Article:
Getting into character with the cast of The Outsiders
Let's talk characterization. The relationships in this show comprise the foundation on which the story takes place. The unique thing about The Outsiders, is that it isn't some epic story of justice or moral conviction. It isn't a fantastical tale with heroes and villains, and it isn't concerned with eloquent language and the perfect formula for a compelling story. It is simply a slice of life. It reflects how this group of people lived in 1964 Tulsa, OK, and one of the trickiest elements of the play is to portray their casual conversation honestly without presentation. From the first day of auditions, this integral element was sought after from our actors. Through the rehearsal process, they have bonded as a cast backstage, which translates into believable relationships onstage. Each actor has grasped their character so intensely, that onstage, those relationships appear natural because they are all just that comfortable with one another. Each actor has been pulled for character work individually, in groups, and as couples, to delve deeper into the psychology of their character.
For example, my Curtis brothers have had several moments to bond outside of rehearsal time, and we have separate mini rehearsal sessions to get into character, ask questions, and add layers to our characters that make them more realistic. The same is true for our two main groups, the Socs and the Greasers. We had a full day dedicated to exploring their social rules of exclusivity, and the results of building that tension made an astounding difference onstage. To the audiences who come to join us, we have worked so hard to realistically create an honest adaptation of their lives in Tulsa, Oklahoma. Be a part of our world, broken and beautiful as it is. We open February 8th and are ready to share it with the community of Springfield. Stay Gold, Elizabeth Golden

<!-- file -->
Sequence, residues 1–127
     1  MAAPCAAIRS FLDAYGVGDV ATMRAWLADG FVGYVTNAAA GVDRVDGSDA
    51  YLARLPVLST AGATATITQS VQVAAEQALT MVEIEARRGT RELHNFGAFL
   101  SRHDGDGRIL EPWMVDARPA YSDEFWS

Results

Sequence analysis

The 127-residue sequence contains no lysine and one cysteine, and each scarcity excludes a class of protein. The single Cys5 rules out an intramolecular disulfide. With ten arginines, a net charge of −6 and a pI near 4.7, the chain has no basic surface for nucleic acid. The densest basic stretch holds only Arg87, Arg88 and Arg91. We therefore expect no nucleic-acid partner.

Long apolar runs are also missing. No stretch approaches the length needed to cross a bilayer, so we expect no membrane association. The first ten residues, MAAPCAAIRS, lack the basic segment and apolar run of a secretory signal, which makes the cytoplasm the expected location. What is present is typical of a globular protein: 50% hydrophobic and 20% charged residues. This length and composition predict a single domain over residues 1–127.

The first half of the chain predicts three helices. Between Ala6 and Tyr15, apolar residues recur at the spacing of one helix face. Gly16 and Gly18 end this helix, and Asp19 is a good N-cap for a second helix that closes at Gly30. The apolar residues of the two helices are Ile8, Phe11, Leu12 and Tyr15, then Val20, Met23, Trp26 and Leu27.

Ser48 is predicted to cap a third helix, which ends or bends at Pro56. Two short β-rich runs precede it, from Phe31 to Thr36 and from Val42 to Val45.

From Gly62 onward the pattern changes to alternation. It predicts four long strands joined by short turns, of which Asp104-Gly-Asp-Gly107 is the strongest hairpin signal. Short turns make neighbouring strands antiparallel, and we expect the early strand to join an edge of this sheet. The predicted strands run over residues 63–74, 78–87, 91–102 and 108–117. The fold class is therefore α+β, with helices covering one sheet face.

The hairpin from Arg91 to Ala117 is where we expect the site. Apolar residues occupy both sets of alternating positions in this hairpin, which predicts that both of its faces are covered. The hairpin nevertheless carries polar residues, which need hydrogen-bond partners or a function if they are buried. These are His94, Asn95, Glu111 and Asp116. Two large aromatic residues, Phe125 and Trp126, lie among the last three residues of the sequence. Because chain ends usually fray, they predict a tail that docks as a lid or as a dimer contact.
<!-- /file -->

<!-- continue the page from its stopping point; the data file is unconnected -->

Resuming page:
Photo by Sarah Johnson